Overflow Medical Site Dismantled As COVID-19 Cases Drop

A COVID-19 overflow medical facility being set up in Newtown Township.
Credit: Tom Sofield/

The overflow field hospital that was to be used in case Bucks County medical centers were overwhelmed by patients at the peak of the initial wave of COVID-19 cases was taken apart last week.

The temporary medical facility at the Newtown Sports Training Center next to the Newtown Athletic Club on Penns Trail in Newtown Township was set up in early April but never needed to be used.

Jim Worthington, the owner of the facility, donated the space at no cost to the county.

Roughly 100 beds were set up in the 35,000-square-foot sports training building. The site, which has easy access to major roadways and was minutes away from the most densely populated portions of the county, would have been able to care for patients ranging from those in non-life-threatening condition to those who needed oxygen and intravenous therapy.

County officials said in early April that the center could take COVID-19 positive or non-COVID-19 patients if needed.

The site was set up as COVID-19 case numbers climbed. In recent weeks, the number of new infections has begun to slow. 

“Our hospitals did a good job, and we have good bed availability as a whole throughout the county,” Bucks County Emergency Management Agency Director Scott Forster said when asked about the site closing.

Area hospitals have treated hundreds of COVID-19 patients at a minimum. Forster said at some times, intensive care units and medical surge capacity at hospitals were filled but never enough to warrant opening the overflow site.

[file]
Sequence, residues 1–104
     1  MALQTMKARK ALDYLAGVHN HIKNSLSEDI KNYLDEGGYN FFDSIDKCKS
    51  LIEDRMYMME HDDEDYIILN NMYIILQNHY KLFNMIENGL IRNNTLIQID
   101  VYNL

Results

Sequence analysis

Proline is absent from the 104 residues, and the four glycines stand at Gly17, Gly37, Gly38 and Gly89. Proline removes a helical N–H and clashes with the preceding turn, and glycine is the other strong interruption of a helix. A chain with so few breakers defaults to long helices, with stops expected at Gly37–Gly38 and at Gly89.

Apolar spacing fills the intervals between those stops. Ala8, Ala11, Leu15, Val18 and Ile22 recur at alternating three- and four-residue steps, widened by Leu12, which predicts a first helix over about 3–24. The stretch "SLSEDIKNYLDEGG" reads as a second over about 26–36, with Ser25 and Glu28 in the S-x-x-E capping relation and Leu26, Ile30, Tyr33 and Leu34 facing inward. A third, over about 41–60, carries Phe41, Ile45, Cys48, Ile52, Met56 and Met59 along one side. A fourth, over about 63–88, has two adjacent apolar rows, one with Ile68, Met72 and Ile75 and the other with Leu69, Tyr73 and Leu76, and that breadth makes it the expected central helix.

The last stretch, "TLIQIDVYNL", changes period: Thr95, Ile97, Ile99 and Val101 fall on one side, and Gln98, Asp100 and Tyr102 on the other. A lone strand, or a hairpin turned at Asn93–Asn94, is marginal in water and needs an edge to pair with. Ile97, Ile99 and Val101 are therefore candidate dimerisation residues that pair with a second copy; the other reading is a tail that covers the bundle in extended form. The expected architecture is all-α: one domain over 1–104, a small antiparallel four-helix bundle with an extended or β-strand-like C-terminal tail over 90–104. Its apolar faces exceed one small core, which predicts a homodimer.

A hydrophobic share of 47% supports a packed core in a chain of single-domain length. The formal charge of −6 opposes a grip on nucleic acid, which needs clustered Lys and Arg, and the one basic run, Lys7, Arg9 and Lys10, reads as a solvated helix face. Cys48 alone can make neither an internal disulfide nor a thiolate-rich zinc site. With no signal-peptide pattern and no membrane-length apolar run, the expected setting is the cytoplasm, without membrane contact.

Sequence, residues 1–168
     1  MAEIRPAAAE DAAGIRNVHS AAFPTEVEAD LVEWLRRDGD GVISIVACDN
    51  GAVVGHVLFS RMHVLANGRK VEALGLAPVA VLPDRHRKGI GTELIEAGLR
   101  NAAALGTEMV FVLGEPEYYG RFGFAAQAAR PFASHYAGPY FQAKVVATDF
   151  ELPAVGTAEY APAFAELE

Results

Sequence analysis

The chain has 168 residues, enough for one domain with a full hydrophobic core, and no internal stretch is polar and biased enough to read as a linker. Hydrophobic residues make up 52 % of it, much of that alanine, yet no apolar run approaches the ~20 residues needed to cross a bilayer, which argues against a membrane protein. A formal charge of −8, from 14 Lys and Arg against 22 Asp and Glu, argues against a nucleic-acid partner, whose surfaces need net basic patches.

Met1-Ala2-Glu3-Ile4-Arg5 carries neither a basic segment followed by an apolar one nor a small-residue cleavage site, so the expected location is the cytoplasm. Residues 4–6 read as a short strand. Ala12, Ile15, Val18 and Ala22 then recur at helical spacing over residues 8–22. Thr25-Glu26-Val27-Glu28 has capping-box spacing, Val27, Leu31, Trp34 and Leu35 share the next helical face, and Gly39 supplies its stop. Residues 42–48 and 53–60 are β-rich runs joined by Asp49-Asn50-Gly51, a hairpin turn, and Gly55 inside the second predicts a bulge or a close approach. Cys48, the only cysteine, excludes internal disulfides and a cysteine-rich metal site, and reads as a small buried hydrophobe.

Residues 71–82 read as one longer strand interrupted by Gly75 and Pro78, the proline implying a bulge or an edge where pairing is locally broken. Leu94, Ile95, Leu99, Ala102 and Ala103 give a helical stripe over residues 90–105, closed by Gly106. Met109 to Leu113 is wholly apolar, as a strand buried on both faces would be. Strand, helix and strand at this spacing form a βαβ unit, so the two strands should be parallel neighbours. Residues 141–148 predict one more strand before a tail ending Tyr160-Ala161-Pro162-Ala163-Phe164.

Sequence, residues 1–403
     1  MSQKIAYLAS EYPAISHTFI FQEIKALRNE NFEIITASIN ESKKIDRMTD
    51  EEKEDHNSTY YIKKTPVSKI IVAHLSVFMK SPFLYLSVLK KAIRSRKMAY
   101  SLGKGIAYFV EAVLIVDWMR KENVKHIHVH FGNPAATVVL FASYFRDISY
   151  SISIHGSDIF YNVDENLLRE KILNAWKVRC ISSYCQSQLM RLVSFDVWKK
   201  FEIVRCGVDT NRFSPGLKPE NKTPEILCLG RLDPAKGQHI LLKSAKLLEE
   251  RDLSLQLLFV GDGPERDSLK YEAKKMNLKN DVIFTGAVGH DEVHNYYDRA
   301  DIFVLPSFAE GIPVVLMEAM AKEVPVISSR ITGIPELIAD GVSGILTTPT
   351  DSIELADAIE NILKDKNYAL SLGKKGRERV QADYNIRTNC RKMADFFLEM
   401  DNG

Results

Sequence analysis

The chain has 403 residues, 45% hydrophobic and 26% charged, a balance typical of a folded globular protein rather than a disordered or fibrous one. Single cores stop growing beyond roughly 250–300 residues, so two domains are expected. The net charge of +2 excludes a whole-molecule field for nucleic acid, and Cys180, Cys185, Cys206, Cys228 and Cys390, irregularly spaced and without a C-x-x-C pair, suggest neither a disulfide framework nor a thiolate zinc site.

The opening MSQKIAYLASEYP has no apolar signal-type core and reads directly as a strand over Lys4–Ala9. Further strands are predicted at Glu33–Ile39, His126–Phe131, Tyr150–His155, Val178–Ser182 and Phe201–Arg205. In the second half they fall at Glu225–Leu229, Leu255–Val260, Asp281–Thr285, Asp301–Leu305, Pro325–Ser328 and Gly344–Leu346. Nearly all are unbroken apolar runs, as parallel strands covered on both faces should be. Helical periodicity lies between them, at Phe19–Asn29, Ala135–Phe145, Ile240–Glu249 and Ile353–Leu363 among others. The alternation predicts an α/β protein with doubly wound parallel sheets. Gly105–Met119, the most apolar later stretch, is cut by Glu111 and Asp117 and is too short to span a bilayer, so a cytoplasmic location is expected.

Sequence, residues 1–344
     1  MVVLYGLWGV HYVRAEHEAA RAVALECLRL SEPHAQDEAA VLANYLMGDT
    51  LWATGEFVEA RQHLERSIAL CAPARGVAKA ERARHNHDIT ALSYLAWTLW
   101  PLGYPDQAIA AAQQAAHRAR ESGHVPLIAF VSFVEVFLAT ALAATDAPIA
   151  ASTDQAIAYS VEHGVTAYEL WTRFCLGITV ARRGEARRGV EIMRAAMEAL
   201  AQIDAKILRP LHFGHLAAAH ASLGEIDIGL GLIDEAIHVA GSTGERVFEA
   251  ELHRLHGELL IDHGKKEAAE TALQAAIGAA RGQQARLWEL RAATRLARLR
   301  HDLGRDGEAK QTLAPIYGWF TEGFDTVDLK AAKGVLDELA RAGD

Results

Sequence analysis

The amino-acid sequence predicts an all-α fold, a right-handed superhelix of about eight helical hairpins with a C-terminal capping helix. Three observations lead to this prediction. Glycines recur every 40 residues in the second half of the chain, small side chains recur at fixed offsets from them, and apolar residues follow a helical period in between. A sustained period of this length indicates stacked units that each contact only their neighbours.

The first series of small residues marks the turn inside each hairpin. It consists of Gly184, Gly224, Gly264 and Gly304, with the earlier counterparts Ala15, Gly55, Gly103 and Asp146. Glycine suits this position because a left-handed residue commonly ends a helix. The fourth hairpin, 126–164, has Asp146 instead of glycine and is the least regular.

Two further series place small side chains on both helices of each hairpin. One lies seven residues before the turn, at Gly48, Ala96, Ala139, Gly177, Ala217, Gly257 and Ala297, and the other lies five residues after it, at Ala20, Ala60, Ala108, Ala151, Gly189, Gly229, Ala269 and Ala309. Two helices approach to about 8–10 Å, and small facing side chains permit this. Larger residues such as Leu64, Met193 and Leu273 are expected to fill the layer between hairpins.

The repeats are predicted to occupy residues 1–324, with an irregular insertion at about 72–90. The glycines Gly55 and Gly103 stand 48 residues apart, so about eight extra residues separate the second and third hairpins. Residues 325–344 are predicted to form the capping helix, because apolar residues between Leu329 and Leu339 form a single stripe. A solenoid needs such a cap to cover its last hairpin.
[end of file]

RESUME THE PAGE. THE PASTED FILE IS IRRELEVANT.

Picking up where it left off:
The overflow site was not guaranteed to be needed, but Forster said in April the county wanted to be prepared in case it was.

If it would have been activated, the site would have largely been staffed by the Bucks County Medical Reserve Corps, a group of more than 250 volunteers.

Forster said the only “minimal cost” the county incurred was for staff time for setting up and taking down the set up.

The equipment placed at the site is owned by the county or supported by the state and staged in Bucks County for use in emergencies.

Weeks into the pandemic, the county and the U.S. Army Corps of Engineers evaluated closed medical centers in Middletown and Upper Bucks County for use as possible overflow hospitals with support from the federal government. Work on those sites never moved forward.

About the author

Tom Sofield

Tom Sofield has covered news in Bucks County for 12 years for both newspaper and online publications. Tom’s reporting has appeared locally, nationally, and internationally across several mediums. He is proud to report on news in the county where he lives and to have created a reliable publication that the community deserves.